DANIEL NELSON COOPER
BIOGRAPHY and GENEALOGY
LAWRENCE and MADISON and MARION COUNTIES, ALABAMA
Daniel Nelson Cooper was born at Mount Vernon, Ohio, On March 31, 1839, to Thompson Cooper and Rebecca (Craig) Cooper (1812-1892), the fourth in a family of six. He lived there until he enlisted in the Union army. His paternal ancestors were descendants of John Witherspoon, the great Presbyterian divine, and signer of the Declaration of Independence. His paternal grandparents were Daniel and Ellen Cooper of New Jersey who were related to John Witherspoon.
The Cooper family moved West in the early part of the nineteenth century, locating at Mt. Vernon, Ohio, where they went to the iron foundry business and the manufacture of plows. From this venture became the mammoth iron works at Mt. Vernon doing a business of over one-half million dollars a year in 1904.
On his mother’s side, Mr. Cooper’s ancestors were Scotch-Irish. His maternal grandparents were William and Mary Craig, natives of New Jersey and Pensylvania. One of his ancestors was an aide-de-camp to William of Orange at the battle of the Boyne. A later ancestor came into prominence as an officer in the British navy. Sympathizing with the colonies in their struggle for independence, he resigned his commission in the navy and remained in the country.
Mr. Cooper received his education at the Mt. Vernon high school. In August 1862, he and quite a number of students enlisted in the Ninety-sixth Ohio Volunteer infantry, under William Mitchell, president of the school. He was captain of one company. The Ninety-sixth regiment was sent to Cincinnati to repel Bragg’s invasion of Kentucky, and made the race under Buell to Louisville, beating Bragg. From there they were sent to Memphis, and thence to the first siege of Vicksburg under Sherman, where they were repulsed. After the defeat of Vicksburg, they were sent to Fort Hindman, which they captured with six thousand prisoners. They participated in the siege and capture of Vicksburg and of Jackson. After a short time the regiment was sent to Louisiana, where, on the 3rd of November, at Grand Cotleau, the Ninety-sixth suffered the loss of half of its men in killed, wounded and captured. At this place, Mr. Cooper was wounded and promoted to a second lieutenancy. He was afterward promoted first lieutenant and brevetted a captain, but was not mustered in on account of the smallness of the regiment.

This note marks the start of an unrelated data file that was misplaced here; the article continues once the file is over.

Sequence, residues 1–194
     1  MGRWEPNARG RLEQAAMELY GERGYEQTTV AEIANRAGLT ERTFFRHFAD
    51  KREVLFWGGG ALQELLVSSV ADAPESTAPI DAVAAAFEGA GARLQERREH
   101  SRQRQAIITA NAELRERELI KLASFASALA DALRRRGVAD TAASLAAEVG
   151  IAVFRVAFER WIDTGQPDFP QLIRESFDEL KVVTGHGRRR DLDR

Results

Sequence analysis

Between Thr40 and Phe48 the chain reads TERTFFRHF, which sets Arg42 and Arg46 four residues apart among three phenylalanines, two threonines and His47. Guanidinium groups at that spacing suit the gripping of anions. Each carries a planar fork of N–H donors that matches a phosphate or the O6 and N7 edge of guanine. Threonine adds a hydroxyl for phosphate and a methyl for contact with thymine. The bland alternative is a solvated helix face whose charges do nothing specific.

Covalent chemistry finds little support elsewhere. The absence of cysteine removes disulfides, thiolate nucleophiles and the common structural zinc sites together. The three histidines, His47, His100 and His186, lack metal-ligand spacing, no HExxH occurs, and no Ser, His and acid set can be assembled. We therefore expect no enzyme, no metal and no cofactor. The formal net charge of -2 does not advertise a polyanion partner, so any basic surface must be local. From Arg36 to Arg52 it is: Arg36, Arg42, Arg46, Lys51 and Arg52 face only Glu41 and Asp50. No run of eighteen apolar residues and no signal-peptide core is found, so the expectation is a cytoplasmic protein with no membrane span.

Lieutenant Cooper was in both attacks on Mobile. He saw Admiral Farragut lashed to the Hartford, where he ran by Fort Morgan. He participated in all the battles around Mobile in 1864 and 1865, and after being mustered out of the service returned home and commenced the study of law under his brother, Col. W. C Cooper. The doctors told him he could not live in Ohio on account of a throat trouble. Hence he removed to Huntsville, Alabama, in the summer of 1866, where he went into the cotton buying business. From Huntsville, he removed to Courtland, where he engaged in planting on a large scale. In raising cotton and buying futures he lost all he had but continued to plant for several years with varying success.
In 1878 he was appointed Deputy United States Marshal, and filled the position four years, doing much to exterminate the “moonshiners” in western Alabama; he was then appointed United States commissioner.
For several years he took an active interest in the success of the Republican party, spending his time and money freely in its interest. He was chairman of the county, district, and a member of the State, executive committees for years. He was a delegate to four national Republican conventions. In 1898 he was nominated on the Republican and Populist tickets for Congress from the sixth congressional district but was defeated by Hon. J. H. Bankhead. He was an ardent admirer of John Sherman, always supporting him when his name came before the convention. After Sherman, he was a great friend and supporter of William McKinley. It was as McKinley’s personal friend that he was appointed as United States marshal of the northern district of Alabama in September 1897, in opposition to the machine politicians of the party.
He was a director in the Warrior Coalfield Railway Company, whose road was designated to penetrate one of the finest mineral regions of the state and was very liberal in his contributions to all enterprises tending to develop the state’s natural resources. He was the owner of 2,500 acres of fine land, of which 200 are under cultivation and considerable other property.
He married Sarah E. White (1857-1940), and had at least one known daughter Catherine Craig Cooper (1897-1901). Daniel Nelson Cooper passed away Feb. 8, 1911 in Hacklebury, Marion County, Alabama and is buried in Hamilton City Cemetery in Hamilton, Marion County, Alabama along with his wife, Sarah and daughter Catherine.
- Findagrave.com #24849554 # 24849568 # 24849560# 82700968# 82700989
- History of Alabama and Dictionary of Alabama Biography by Thomas McAdory Owen, Vol III, Published by S. J. Clark Publishing Company, 1921. Submitted by Veneta McKinne
- Memorial Record of Alabama. By Hannis Taylor, Brant & Fuller Publishers, Madison, Wis. 1893
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